Several years ago, I was struggling with sin, unresolved pain, and a defeated image of myself. I was working with a Christian therapist, who frequently challenged lies I was believing and cognitive distortions I with which I struggled that impacted how I viewed myself. While she never down played the seriousness of sin, she did encourage me to be as gracious to myself as I would be to others. She also suggested I become more curious about my failures and to try to understand why I did what I did, instead of "beating myself up" with harsh judgements and negative self talk .
One morning I woke up feeling extremely defeated, but I decided to push past it. I got out of bed, dressed, grabbed praise music, and went for a walk. While walking, I poured out my hurt, my discouragement, and the feelings of guilt that were plaguing my perfectionistic heart. One of the songs I was listening to was about the cross. As I listened, a picture of Jesus hanging on the cross came to mind. His blood was dripping from the wounds He had received when He was beaten and nailed to the cross. Then I noticed other wounds in His flesh. These wounds were the names of the sins that I had been confessing to Him etched in His flesh. For a moment I was filled with shame, but then something propelled me to look to His face. First, I noticed the crown of thorns and the blood dripping on His brow where thorns cut deep. Then I noticed His eyes were filled with kindness and His face with love. Something in me shifted as the shame melted away and I began to grasp that the radical implications of Jesus' death went beyond the satisfaction of God's justice for sin. And that place where Christ hung bruised, bleeding, rejected, cursed, and forsaken--it became a place of healing for me.
When I saw the words of my sin etched in His flesh, the reality of His death became close and personal. It no longer seemed like something that happened long ago in a far away land, it was real to me in the here and now. That wounded part of me that had believed the lie that my abuse, my failures, the messages others spoke over me proved I was the child that was less loved by God began to change. But, seeing Him in front of me with my sin etched in His body made it clear that God had sought me, putting many in my life to lead me to Him. The visual of Christ absorbing my sin reminded me that He died so I could have His goodness imputed to me by faith. That means the Father only sees me as one wrapped up in the goodness of Christ! Grasping that helped me to quit thinking of myself as a bothersome, tolerated child and to start seeing myself as a beloved child, created by Him and for Him, who had been forever fully reconciled by Jesus. I no longer pictured God as sighing and reluctantly turning towards me when I started praying. Instead, I began to see Him as a Father whose eyes are always watching over me and light up when I turn to speak to Him. I also began to see Him as a Father whose ears are tuned into my voice, recognizing it above the loud chatter of this world.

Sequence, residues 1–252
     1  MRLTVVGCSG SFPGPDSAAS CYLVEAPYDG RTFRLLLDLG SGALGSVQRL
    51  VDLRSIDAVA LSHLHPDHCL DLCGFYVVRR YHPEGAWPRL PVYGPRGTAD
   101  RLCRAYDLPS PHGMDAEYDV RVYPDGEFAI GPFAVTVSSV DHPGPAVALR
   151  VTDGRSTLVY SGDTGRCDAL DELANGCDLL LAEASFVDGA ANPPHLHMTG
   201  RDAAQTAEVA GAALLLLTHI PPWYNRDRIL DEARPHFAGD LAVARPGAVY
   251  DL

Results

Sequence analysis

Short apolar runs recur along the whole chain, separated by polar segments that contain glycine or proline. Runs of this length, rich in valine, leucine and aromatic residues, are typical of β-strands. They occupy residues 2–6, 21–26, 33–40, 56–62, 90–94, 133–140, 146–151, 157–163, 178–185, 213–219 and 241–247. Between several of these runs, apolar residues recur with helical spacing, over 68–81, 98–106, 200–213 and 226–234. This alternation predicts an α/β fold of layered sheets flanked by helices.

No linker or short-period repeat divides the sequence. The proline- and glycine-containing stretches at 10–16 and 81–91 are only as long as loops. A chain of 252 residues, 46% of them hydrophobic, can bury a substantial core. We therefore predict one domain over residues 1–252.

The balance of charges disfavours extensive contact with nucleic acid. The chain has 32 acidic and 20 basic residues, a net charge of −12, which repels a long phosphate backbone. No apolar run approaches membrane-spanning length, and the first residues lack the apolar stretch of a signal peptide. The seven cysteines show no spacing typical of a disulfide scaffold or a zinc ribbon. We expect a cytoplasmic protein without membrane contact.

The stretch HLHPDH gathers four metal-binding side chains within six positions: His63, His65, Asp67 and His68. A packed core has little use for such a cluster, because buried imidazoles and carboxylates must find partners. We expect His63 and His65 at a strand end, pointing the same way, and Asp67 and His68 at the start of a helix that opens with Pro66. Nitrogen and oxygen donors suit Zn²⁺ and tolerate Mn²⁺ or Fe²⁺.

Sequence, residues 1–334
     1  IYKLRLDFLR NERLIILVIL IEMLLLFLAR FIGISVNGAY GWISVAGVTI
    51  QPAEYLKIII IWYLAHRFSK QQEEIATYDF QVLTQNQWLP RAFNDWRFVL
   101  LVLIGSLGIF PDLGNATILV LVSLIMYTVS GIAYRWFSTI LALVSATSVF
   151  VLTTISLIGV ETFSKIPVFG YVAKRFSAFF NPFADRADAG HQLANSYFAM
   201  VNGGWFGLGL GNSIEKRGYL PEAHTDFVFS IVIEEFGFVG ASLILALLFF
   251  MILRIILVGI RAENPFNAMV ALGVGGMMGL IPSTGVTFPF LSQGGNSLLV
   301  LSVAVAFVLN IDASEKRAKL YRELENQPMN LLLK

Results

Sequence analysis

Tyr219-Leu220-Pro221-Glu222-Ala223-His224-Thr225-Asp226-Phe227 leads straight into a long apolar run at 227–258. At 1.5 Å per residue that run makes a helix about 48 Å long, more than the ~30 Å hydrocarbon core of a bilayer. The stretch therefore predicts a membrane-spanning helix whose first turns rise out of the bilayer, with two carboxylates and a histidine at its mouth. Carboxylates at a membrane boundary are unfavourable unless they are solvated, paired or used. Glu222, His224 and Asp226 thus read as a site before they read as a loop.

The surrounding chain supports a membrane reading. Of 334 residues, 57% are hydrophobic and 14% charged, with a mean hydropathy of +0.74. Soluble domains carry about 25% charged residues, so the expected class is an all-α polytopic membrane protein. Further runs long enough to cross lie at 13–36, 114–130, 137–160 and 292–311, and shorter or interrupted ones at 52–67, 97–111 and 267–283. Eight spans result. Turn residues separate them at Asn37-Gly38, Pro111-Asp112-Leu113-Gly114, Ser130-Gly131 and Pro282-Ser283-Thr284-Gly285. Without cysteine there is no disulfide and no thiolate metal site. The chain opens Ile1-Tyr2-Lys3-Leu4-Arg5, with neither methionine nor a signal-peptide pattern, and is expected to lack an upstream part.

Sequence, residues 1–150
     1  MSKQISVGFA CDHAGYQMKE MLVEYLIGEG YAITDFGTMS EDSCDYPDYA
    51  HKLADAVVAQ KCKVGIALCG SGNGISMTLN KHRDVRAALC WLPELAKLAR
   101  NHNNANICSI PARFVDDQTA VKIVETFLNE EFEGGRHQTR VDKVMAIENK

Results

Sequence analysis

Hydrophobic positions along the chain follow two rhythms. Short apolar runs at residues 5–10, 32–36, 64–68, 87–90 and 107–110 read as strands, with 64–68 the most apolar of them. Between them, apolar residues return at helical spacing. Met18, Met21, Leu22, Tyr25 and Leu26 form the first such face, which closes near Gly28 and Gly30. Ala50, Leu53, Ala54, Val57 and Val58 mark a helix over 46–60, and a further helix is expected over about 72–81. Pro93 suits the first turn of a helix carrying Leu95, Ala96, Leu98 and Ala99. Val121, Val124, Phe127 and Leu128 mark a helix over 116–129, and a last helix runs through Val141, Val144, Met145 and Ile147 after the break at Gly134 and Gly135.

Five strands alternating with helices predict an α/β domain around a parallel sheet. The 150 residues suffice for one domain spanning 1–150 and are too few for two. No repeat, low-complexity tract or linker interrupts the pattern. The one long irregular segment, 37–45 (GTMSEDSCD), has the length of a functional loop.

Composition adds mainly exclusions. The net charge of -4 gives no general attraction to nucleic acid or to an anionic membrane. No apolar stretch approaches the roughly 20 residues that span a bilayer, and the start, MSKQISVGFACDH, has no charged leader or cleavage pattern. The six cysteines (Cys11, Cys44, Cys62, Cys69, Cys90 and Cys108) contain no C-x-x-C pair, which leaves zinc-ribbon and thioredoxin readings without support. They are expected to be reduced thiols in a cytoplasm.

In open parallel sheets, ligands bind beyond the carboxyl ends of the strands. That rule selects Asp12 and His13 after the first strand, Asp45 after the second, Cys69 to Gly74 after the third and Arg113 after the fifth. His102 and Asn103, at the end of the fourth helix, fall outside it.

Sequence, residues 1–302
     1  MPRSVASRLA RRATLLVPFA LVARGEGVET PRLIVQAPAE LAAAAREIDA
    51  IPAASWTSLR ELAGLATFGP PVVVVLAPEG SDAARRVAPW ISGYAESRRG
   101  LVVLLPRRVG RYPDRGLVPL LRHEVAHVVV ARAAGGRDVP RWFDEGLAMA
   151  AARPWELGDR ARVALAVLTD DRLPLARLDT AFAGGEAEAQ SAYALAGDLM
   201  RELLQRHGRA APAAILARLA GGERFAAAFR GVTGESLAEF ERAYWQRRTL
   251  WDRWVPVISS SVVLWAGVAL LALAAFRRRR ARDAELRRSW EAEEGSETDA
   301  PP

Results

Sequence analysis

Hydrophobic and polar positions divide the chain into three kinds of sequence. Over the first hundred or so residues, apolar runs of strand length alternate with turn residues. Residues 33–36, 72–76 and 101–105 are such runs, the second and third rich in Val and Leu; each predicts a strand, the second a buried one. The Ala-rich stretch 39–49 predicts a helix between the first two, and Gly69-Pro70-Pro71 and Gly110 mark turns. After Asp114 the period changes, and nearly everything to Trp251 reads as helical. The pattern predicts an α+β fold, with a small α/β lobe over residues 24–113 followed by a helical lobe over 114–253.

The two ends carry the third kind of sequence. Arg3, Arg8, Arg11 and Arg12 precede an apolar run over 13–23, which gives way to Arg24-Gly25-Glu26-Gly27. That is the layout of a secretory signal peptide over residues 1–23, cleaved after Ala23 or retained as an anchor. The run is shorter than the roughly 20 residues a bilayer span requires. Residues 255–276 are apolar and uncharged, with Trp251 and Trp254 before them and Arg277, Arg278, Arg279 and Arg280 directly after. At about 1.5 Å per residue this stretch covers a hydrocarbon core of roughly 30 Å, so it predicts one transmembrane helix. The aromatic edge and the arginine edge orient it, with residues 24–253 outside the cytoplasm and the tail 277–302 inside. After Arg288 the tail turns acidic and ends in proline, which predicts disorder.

Seeing the Savior, bruised and flesh-torn, hanging there naked on the cross helped me believe He understood what it felt like to bear the consequences of others' sin. From the time Jesus was born, His life was threatened. He was lied about. He was rejected. His motives were questioned. He was a victim of the first birther movement. His words were frequently doubted or misconstrued. He was called crazy and child of Satan. He was falsely accused and then illegally tried while the man in charge knew and chose to do nothing. His innocence was ignored, while a known thief was set free. His works that gave sight to the blind, working limbs to the lame, hearing to the deaf, health to the sick, freedom to those tormented by demons, and life to the dead were called evil. He was beaten beyond recognition and then humiliated, the crowd spitting at Him and plucking hair from His beard as they mocked Him with hate-filled chants. All of that and the cross helped me see that He truly understands the wounds we experience at the hands of others. His being a sympathetic high priest became real to me. I no longer saw God as an impatient Father, telling me to suck it up, get over it, or just forgive and move on. I began to see Him as a Father, eager to listen until all the words I needed to say were said. I began to see Him as an empathetic Father, whose empathy never diminished as He was willing to sit with me until all of the pain buried deep was released. I began to see Him as a comforter, His own scars reminding me He truly understands.